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Background

The Texas Child Mental Health Care Consortium (TCMHCC) was created by the 86th Texas Legislature in Senate Bill 11 (SB 11) to address gaps in mental health care for children and adolescents in Texas. Through the TCMHCC, the legislature has provided Texas a unique opportunity to implement evidence-based programs through the collaboration of the state’s health-related academic institutions (HRIs), state agencies and health-focused nonprofits.

Based on a 2016 study, 834,941 Texas adolescents (ages 13-17) experience at least one mental health condition and/or substance use disorder per year. Recent data from the 2019 Risk Behavior Surveillance System (YRBSS) has shown a 38% increase in the last decade in youth reporting that they have felt sad or hopeless almost every day for 2 or more weeks during the previous 12 months, and Texas exceeded the national average of youth reporting a suicide attempt resulting in medical treatment (2.1% versus 1.9%). The YRBSS data also found that 18.9% of high school students had seriously considered attempting suicide in the previous 12 months.

Additionally, across the United States the Covid-19 pandemic has affected the mental health of children and youth. According to a November 2020 report from the CDC, the proportion of children’s mental health-related Emergency Department (ED) visits among all pediatric ED visits increased and remained elevated from April through October. Compared with 2019, the proportion of mental health-related visits for children ages 5–11 and 12 17 years increased approximately 24% and 31%, respectively.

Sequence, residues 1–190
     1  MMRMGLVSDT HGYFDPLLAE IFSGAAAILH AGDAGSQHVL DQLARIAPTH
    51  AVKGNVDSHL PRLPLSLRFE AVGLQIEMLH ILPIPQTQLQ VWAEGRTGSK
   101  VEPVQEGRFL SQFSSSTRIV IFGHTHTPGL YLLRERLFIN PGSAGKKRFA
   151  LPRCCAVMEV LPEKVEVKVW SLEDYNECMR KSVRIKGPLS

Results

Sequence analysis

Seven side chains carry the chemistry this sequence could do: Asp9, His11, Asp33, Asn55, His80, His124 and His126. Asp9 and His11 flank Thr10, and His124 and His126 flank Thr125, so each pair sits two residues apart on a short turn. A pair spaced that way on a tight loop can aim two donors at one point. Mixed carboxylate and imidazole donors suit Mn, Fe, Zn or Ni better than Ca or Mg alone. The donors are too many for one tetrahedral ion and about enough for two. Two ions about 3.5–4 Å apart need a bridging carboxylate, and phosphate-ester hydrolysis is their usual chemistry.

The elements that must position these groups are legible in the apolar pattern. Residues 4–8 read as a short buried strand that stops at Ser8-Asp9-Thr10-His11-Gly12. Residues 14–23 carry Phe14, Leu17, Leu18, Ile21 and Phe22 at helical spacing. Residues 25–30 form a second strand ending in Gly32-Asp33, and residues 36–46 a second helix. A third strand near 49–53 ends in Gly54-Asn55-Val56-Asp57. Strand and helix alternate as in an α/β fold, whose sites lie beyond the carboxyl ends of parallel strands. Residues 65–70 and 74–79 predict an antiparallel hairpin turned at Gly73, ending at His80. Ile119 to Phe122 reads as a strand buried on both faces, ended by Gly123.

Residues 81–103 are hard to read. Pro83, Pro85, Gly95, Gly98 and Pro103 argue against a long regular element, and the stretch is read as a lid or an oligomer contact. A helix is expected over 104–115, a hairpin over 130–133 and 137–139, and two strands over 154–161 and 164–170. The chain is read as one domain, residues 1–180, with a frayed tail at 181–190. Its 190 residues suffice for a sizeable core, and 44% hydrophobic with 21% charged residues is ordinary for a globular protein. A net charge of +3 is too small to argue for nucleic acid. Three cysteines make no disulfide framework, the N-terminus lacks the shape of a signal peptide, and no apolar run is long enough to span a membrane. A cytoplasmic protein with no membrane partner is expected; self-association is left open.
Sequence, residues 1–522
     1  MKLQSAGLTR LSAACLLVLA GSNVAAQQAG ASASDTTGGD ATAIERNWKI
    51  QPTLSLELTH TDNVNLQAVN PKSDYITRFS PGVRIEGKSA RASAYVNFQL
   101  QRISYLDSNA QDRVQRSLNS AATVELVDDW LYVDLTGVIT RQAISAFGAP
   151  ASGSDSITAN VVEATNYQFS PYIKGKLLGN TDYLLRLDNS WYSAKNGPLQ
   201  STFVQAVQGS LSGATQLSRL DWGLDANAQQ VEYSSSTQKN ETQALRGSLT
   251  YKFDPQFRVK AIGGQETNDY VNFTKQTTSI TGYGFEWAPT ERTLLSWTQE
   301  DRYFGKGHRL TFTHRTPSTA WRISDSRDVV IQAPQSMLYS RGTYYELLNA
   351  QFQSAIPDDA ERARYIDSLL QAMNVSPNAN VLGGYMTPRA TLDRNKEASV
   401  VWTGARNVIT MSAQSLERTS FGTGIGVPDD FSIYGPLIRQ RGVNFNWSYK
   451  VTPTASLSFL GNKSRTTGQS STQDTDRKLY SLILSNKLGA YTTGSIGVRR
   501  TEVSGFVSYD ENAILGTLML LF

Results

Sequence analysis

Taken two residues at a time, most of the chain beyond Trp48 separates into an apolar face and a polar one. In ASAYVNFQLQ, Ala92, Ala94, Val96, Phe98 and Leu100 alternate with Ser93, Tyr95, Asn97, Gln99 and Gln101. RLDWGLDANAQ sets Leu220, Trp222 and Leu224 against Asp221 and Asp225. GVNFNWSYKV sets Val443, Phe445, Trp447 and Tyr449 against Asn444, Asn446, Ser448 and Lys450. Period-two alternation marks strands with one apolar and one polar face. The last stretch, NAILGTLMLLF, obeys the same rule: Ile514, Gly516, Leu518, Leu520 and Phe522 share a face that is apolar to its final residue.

Limited access to mental health care is likely a contributing factor to the scale of unmet needs. For example, only 34% of Texas adolescents with Major Depressive Disorder reported accessing mental health treatment, in contrast to 40% across the U.S. In a 2020 report on access to mental health care for both adolescents and adults across the country, Texas ranked 51st. This access challenge is caused, in part, by significant mental health workforce shortages, evidenced by Texas’ ranking as one of the top five states in the estimated shortage of pediatric psychiatrists. Demand for psychiatrists in Texas exceeded supply by 1,067 FTEs in 2017, and the shortage is projected to grow to 1,208 FTEs by 2030.

The TCMHCC was created by the 86th Texas Legislature in SB 11 to address these gaps in mental health care for children and adolescents in Texas. The goal of the TCMHCC is to:

  • Expand the workforce of psychiatric providers through additional training opportunities and fellowship programs;
  • Connect psychiatric specialists with those frontline workers, including PCPs and school counselors, who are most likely to encounter and identify children with mental health challenges; and
  • Expand the evidence base of best practices in treatment for children and adolescents.